• @Jeff my usual approach is simply to switch off SELinux. This time I'm trying to "do it right". Permissive mode doesn't seem "right" to me. Is it...? Commented Aug 6, 2019 at 18:11
  • I like to have something resembling the error or the problem in the title; I took that from the end of the post ("how can I add this directory tree"); if the problem is wider, please feel free to adjust it.
    – Jeff Schaller
    Commented Aug 6, 2019 at 18:15
  • Thanks. More interested (this time) in understanding why the rsync_export_all_ro doesn't cover everything like it claims, and how I would go about fixing that. Commented Aug 6, 2019 at 18:29

1 Answer 1


You are right to not wanting to disable SELinux for the rsync_t domain. Unfortunately, although the configurability of the SELinux implementation for rsync is fairly extensive, there are edge cases where setting the rsync_export_all_ro boolean will still not allow the rsync daemon to access certain files. There is one Bugzilla entry which closely resembles your troubles. The suggestion given there is to use rsync_full_access to overcome the problem, albeit impairing security (it is still better than semanage permissive -a rsync_t though).

Creating custom policy module

So, to answer your question, if you want to use the safer option rsync_export_all_ro and be able to let the rsync daemon access the "edge case" files/directories, you need to create your own policy module.

This is done by letting the rsync daemon do it's work in permissive mode, capturing AVC denials as it goes along, and then converting the AVC denials to a policy, like so:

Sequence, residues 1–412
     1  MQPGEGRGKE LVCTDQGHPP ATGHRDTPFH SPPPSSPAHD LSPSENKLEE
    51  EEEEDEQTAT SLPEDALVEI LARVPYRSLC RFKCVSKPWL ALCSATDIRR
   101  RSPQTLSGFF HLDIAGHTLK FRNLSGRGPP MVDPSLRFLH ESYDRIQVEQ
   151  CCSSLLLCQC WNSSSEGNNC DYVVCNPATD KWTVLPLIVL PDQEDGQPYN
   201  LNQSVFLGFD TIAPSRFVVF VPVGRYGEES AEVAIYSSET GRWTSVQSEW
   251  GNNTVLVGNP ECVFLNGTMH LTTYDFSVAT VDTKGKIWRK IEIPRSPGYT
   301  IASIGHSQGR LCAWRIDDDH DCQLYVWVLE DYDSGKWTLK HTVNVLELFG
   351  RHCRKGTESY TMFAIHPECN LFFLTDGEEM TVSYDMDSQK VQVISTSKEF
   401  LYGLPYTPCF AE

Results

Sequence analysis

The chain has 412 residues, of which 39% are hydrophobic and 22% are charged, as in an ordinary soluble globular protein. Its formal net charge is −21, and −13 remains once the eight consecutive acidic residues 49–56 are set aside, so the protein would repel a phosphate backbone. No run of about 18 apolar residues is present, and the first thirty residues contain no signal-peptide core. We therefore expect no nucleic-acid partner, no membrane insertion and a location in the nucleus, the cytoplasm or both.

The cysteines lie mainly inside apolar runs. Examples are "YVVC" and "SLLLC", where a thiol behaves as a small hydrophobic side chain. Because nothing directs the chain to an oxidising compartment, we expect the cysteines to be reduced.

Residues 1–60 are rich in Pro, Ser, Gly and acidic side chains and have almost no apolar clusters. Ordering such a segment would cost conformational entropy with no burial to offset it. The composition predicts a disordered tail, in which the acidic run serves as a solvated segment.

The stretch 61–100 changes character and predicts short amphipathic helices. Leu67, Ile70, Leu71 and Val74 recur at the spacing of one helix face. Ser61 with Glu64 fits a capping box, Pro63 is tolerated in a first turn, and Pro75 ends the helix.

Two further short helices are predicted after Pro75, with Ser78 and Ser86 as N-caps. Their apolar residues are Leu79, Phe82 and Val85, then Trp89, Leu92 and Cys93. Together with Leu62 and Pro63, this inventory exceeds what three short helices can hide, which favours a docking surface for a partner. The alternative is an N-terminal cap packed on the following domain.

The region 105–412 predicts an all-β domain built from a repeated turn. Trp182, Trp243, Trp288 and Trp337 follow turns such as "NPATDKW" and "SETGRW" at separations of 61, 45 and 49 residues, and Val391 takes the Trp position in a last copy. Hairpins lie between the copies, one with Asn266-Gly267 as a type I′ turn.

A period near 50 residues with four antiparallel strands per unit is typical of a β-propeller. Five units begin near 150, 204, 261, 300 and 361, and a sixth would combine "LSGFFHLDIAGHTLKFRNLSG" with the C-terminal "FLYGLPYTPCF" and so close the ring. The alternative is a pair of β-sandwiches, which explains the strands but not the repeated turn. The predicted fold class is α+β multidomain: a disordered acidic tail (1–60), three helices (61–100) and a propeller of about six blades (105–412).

# put SELinux in permissive mode
setenforce 0

# --- do your rsync stuff ---

# get related AVC denials
# I'm using 'recent' here, depending on the rsync run time please adjust accordingly
ausearch -m avc -ts recent --subject rsync_t

# go through the output. If you're satisfied, create the module
ausearch -m avc -ts recent --subject rsync_t | audit2allow -m roaima-rsync-custom-1 > roaima-rsync-custom-1.te
checkmodule -M -m -o roaima-rsync-custom-1.mod roaima-rsync-custom-1.te
semodule_package -o roaima-rsync-custom-1.pp -m roaima-rsync-custom-1.mod

# load the policy module
semodule -i roaima-rsync-custom-1.pp

# disable permissive mode
setenforce 1

# --- do your rsync stuff again --

Catching AVC denials that aren't audited ("dontaudit")

If for some reason, the "edge case" files still aren't accessible and the ausearch command doesn't yield results, you may be hitting a "dontaudit" rule.

To rebuild the SELinux policy ignoring all "dontaudit"-rules, run semodule -DB. The -D option disables "dontaudit" rules; the -B option rebuilds the policy.

Then try if you can trigger audit log events. If so, capture them like I showed above, create the SELinux module, and then re-enable "dontaudit" rules by running: semodule -B.

For a full list of "dontaudit" rules, run the sesearch --dontaudit command. Narrow down searches using the -s domain option and the grep command. For example: sesearch --dontaudit -s rsync_t.